Friday, July 12, 2002

Yesterday, I outdid myself with the posting on Maria Goretti, so today I'll keep it fairly short...

Lately, I've been thinking a lot about what it means to live in a post-Christian world. I try to imagine a world in which the Incarnation never took place. Everything that we know, - the entire modern age, - is in some way premised on the Incarnation. I don't imagine that one could find any segment of the globe that has remained utterly untouched by the Christian ethic. Even Islam makes the claims that it is somehow descendent from the Judeo-Christian tradition. Obviously, all of the Far East Communist countries are at least partial heirs of post-Christian Western philosophers. The idea that we can somehow escape the ramifications of that moment is absurd.

Hilaire Belloc once said "When the gods of the New Paganism come they will not be merely insufficient, as were the gods of Greece, nor merely false; they will be evil. One might put it in a sentence, and say that the New Paganism, foolishly expecting satisfaction, will fall, before it knows where it is, into Satanism."

While this is probably true, there might come a moment between our turning from the true God and our turning toward the false Gods. There might be a moment when we are the reflection of neither God nor Satan. I have the half-memory of having read something to that effect. The idea was that society is a mirror of the supernatural and that we exist in that moment between the disappearance of God and the disappearance of His image in man. We are the man in the mirror when the room is empty and the lights go out and there is nothing to reflect but absence and darkness. Just for this single instance in history, we are left entirely to our own devices, reflecting our own pitiful nothingness... and confronting the only significant question. As William Blake notes: "Man must and will have some religion; if he has not the religion of Jesus, he will have the religion of Satan, and will erect the synagogue of Satan, calling the Prince of this World `God', and destroying all who do not worship Satan under the name of God."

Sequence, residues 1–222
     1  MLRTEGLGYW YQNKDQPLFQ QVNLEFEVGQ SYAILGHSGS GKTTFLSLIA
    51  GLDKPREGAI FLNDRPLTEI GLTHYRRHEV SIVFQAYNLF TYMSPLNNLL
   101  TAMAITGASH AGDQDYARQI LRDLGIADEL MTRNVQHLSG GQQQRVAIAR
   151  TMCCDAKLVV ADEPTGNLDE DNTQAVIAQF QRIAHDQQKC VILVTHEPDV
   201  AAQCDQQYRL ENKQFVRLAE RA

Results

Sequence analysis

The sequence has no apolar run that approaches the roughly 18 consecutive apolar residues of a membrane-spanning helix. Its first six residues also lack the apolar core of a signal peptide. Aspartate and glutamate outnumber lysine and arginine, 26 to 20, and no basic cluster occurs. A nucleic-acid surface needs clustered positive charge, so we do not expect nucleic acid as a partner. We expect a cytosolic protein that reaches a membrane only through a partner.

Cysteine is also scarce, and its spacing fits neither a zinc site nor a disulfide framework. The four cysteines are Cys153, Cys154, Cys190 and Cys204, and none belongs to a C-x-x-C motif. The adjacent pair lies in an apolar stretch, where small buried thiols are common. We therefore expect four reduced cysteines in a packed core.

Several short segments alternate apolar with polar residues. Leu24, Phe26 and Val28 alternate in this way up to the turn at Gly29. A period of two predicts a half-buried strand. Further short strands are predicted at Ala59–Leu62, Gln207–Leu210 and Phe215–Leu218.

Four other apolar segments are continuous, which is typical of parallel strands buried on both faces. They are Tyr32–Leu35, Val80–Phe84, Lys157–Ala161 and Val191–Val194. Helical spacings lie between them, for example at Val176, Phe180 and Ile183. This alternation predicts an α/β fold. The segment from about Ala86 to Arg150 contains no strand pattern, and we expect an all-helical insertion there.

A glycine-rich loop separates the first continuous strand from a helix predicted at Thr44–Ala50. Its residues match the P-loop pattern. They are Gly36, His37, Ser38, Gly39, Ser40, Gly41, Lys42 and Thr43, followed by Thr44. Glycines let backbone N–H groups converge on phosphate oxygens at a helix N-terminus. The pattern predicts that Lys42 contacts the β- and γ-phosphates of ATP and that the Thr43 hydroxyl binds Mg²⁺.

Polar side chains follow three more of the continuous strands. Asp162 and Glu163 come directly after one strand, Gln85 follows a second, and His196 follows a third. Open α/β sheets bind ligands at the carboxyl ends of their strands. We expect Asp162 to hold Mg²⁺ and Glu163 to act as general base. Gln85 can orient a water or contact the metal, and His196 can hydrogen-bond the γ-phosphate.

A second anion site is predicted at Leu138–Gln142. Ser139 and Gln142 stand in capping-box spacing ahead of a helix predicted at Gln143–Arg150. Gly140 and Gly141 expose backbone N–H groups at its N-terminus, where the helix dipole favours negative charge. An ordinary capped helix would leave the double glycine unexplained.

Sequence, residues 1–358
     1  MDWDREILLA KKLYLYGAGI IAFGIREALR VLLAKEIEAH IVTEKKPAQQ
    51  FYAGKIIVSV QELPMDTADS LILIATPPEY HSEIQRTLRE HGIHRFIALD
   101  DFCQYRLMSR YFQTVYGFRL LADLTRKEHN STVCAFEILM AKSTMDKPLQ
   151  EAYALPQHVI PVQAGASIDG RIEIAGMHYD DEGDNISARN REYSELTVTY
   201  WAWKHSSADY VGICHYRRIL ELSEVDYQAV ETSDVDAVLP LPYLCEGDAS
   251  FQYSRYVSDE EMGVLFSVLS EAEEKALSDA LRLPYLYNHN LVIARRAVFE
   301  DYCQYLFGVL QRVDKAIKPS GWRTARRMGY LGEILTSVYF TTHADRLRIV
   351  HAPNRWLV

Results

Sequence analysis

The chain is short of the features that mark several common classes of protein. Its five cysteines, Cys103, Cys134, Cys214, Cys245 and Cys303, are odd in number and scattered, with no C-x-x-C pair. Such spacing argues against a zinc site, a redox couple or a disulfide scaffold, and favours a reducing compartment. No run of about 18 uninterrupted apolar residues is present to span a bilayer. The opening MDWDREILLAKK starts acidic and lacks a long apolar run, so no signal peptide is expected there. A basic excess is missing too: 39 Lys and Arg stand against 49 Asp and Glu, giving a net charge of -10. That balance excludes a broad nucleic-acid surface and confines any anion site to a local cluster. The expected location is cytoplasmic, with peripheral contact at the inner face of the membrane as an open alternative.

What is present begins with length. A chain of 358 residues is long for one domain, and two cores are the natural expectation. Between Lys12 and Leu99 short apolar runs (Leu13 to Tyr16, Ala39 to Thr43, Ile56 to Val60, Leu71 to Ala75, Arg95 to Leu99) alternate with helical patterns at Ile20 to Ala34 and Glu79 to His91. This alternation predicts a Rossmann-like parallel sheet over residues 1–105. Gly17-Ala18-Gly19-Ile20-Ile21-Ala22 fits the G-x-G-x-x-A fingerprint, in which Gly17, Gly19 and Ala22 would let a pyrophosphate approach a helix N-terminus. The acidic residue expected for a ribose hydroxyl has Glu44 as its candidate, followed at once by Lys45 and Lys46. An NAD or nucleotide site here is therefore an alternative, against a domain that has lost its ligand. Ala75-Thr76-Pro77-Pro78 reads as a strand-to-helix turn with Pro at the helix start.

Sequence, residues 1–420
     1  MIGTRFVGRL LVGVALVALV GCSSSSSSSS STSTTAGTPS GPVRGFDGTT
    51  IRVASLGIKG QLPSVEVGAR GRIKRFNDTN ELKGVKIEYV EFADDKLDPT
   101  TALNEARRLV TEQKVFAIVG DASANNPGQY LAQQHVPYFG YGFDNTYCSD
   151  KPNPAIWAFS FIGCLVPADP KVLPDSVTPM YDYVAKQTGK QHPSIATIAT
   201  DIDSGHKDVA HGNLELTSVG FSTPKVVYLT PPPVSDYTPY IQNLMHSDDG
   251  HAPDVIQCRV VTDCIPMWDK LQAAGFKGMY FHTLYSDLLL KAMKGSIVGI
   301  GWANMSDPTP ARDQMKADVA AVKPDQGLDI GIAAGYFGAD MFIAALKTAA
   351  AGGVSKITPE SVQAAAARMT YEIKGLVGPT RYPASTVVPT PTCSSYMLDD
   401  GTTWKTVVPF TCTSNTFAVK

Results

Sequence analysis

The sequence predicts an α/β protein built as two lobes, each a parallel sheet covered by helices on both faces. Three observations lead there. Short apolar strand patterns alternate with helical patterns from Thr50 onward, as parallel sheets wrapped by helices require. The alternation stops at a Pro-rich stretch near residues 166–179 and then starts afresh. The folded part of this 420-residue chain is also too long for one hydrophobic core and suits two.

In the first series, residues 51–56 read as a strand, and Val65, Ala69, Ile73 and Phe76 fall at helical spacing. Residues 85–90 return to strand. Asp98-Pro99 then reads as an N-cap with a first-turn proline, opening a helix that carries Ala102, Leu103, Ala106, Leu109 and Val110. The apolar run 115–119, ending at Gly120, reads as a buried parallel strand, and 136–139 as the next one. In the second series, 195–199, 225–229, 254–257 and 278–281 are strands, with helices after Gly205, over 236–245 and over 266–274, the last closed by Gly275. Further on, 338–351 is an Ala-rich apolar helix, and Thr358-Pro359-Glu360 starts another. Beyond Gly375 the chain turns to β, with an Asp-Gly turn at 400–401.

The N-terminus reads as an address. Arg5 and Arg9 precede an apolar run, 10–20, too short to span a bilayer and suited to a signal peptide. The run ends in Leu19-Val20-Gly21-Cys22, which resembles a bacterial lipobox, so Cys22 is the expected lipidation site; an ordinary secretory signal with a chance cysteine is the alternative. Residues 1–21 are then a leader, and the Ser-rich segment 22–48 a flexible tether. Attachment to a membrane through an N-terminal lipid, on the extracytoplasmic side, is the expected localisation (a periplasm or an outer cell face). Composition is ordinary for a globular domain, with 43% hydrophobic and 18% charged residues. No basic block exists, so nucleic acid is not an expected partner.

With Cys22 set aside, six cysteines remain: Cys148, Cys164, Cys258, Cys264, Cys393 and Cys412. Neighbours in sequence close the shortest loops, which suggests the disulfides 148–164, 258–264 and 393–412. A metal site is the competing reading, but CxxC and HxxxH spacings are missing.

"Toward the end of the nineteenth century, Pope Leo XIII (d. 1903) had a prophetic vision of the coming century of sorrow and war. In this vision, God gave Satan the choice of one century in which to do his worst work. The devil chose this century. So moved was the Holy Father from this vision that he composed the prayer to St. Michael the Archangel, "St. Michael the Archangel, defend us in battle! Be our protection against the wickedness and snares of the devil. May God rebuke him, we humbly pray, and do thou, O Prince of the heavenly host, by the power of God, thrust into Hell Satan and all the other evil spirits who roam about the world seeking the ruin of souls." For many years, this prayer was recited at the end of Mass. About a year ago, our Holy Father at one of his Wednesday audiences made the strong suggestion that the recitation of the prayer be instituted at Mass once again given the great evils we see present in our world — the sins of abortion, euthanasia, terrorism, genocide, and the like."[courtesy of Fr. William Saunders, Arlington Catholic Herald]

"Men, it has been well said, think in herds; it will be seen that they go mad in herds, while they only recover their senses slowly, and one by one." Perhaps, now that the devil's century is over, we will again put our faith in God instead of men. It is time for us to recover, as the man said "one by one." Yet, as we turn from our hubris and come to our senses, which God will we choose and how will we know him?

"Every religion that preaches Vengeance for Sin is the religion of the Enemy and Avenger, and not of the Forgiver of Sin...The glory of Christianity is to conquer by Forgiveness." - William Blake

"The deeds you do today may be the only sermon some people will hear today." - St. Francis of Assisi

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